Voting for change

ESG was a unifying force across a fractured political landscape in May’s federal election. What does it mean for corporate Australia?

By Diligent
6 Jul 2022
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3 min to read
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As the end of the financial year approaches for many companies in Australia, the annual general meeting still seems like a distant prospect. However, the clock is ticking when it comes to making changes that may be the difference between resolutions passing or failing.

Shareholders expect ambitious policy statements to be accompanied by demonstrable action and measurable change.

The outcome of the federal election revealed voters share that sentiment. Primary votes for the major parties fell to a record low. There was a pronounced swing away from both the Coalition and Labor, with increased support for the Greens and independent candidates.

As the parties reflect on what they have gained, lost and learned, it is timely for organisations in Australia (and those in New Zealand with close ties to Australia), to consider the wider implications. ESG has emerged as a critical issue that transcends the political divide.

Environmental: more action, more quickly

More certainty and action from the government on climate change is at the top of directors’ wish lists. Climate change has been their number one long term priority for the government for eight consecutive AICD Director Sentiment Surveys, and their number one short-term priority for the past five.

In an election campaign that largely took a small target strategy, both major parties had similar policies across a range of issues, from tax rates to public sector efficiency. Climate change was a key source of difference, both in terms of interim targets and the plans to achieve them.

Both major parties were criticised for their climate policies falling short of what is required to limit global temperature increases to 1.5 degrees Celsius under the Paris Agreement. It demonstrates the increased emphasis on environmental policies that are backed by scientific evidence.

As organisations finalise their business plans for next financial year, it is an opportune time to review environmental goals against the backdrop of new government policy. It includes setting interim emission reduction targets and disclosing plans for how to achieve them.

Social: closing the gap

Fourteen years after the national apology to Indigenous Australians and five years after the Uluru Statement from the Heart, a commitment to constitutional recognition was among the first words spoken in Anthony Albanese’s victory speech.

For the first time, First Nations representation in the Australian Parliament has surpassed the wider community (4.4% versus 3.3%). And for the first time, the Minister for Indigenous Affairs is an Indigenous woman.

While there was a marked uptick in successful candidates from diverse cultural backgrounds, it was from a very low base. We are not yet halfway to our elected representatives mirroring Australia’s multicultural society.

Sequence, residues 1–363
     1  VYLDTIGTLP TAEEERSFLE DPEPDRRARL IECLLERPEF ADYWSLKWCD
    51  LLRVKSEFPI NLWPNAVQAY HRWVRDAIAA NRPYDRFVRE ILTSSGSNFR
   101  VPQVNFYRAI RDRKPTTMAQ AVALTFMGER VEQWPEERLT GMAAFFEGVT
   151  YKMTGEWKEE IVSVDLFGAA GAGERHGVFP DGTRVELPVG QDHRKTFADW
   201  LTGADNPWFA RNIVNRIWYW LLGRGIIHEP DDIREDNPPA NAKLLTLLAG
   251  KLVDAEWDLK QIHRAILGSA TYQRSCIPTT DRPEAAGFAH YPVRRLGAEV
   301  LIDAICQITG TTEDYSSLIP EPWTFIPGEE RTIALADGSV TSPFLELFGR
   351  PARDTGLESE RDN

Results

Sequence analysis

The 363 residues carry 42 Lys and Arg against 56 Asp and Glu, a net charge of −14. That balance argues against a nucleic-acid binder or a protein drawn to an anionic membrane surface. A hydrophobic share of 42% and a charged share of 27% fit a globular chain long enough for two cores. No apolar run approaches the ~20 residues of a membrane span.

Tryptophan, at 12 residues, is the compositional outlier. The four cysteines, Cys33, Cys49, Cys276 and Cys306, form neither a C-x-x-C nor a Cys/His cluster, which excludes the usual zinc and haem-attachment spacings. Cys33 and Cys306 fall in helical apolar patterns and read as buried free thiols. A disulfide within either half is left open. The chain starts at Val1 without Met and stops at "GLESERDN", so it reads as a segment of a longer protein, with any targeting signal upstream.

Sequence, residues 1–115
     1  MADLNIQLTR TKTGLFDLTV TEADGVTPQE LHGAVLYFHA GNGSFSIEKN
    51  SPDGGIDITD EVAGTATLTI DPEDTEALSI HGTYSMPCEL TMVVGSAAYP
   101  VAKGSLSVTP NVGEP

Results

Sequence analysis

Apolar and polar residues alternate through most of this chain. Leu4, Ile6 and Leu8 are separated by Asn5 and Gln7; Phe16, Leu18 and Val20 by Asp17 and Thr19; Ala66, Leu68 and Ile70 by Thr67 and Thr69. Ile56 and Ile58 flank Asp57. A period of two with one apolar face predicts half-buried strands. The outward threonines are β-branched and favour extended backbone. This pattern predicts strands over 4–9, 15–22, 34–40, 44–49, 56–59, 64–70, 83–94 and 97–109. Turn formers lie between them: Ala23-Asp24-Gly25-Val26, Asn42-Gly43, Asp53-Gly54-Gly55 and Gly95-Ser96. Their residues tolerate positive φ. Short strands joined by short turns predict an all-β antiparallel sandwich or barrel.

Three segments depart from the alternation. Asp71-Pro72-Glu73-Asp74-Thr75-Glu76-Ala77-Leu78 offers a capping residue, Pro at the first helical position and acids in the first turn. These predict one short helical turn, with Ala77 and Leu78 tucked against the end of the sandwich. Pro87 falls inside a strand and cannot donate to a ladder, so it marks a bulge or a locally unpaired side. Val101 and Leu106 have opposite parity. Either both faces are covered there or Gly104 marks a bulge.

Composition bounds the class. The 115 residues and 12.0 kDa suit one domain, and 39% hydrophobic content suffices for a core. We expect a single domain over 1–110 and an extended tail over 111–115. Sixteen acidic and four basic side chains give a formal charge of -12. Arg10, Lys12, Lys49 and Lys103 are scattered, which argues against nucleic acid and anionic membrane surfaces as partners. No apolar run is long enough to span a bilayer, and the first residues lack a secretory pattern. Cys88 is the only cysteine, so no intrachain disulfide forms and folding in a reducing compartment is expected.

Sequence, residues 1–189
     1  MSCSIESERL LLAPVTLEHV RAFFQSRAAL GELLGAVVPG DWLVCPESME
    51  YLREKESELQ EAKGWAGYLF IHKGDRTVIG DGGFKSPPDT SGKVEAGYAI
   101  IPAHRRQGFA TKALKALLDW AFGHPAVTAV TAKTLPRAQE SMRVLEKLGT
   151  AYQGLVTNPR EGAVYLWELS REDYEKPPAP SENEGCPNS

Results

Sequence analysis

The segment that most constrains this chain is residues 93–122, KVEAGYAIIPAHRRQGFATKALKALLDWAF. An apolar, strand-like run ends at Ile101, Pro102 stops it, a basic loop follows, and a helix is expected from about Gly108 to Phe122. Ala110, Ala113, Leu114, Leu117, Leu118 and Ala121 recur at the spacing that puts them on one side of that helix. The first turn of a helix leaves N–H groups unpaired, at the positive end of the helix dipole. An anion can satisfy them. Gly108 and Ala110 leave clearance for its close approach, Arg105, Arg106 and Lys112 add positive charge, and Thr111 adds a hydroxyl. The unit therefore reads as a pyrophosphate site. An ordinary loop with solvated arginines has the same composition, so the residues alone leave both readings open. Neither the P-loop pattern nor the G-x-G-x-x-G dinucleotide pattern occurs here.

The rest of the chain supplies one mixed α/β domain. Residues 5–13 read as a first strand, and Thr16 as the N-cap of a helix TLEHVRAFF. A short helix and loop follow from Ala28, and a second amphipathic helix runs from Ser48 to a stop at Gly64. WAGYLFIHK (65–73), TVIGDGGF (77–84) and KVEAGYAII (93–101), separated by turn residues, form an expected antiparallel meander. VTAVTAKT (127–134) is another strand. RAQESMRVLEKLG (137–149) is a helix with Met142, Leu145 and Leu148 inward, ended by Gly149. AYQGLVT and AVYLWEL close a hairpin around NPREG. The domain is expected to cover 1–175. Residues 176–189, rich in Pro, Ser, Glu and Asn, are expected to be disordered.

It is the same story in our boardrooms and executive suites. Despite significant gains in increasing the proportion of women on boards, people from a non-European background remain under-represented.

Both major parties suffered defeats in seats where their candidates did not reflect the local community. Organisations similarly need to prepare for customers, employees and investors looking elsewhere if leadership appears out of touch.

“The private sector also needs to do more to prevent systemic governance failures. ASIC has called on directors and CEOs to strengthen whistleblower policies, including ensuring there is sufficient board oversight.”

Governance: leadership and accountability

All Australian states and territories have an independent authority that investigates reported corruption and misconduct in the public service.

The need for an equivalent federal body was a consistent focus of the election campaign for Labor, the Greens and numerous independents.

It is strongly supported among company directors, with almost three-quarters (72%) saying a federal anti-corruption body should be established, according to the latest AICD Director Sentiment Survey.

However, the private sector also needs to do more to prevent systemic governance failures. ASIC has called on directors and CEOs to strengthen whistle blower policies, including ensuring there is sufficient board oversight.

Their concern appears well-founded. Over the past 12 months, at least eight CEOs of Australian organisations have lost their jobs due to falling significantly short of stakeholder expectations. They include major brands, ASX-listed companies and not-for-profits.

Whether in business or government, leaders face a growing challenge to meet the expectations of an increasingly divided community. Those who listen can create lasting change that benefits the bottom line and the future. The others are likely to discover that people have lost patience with not being heard. 

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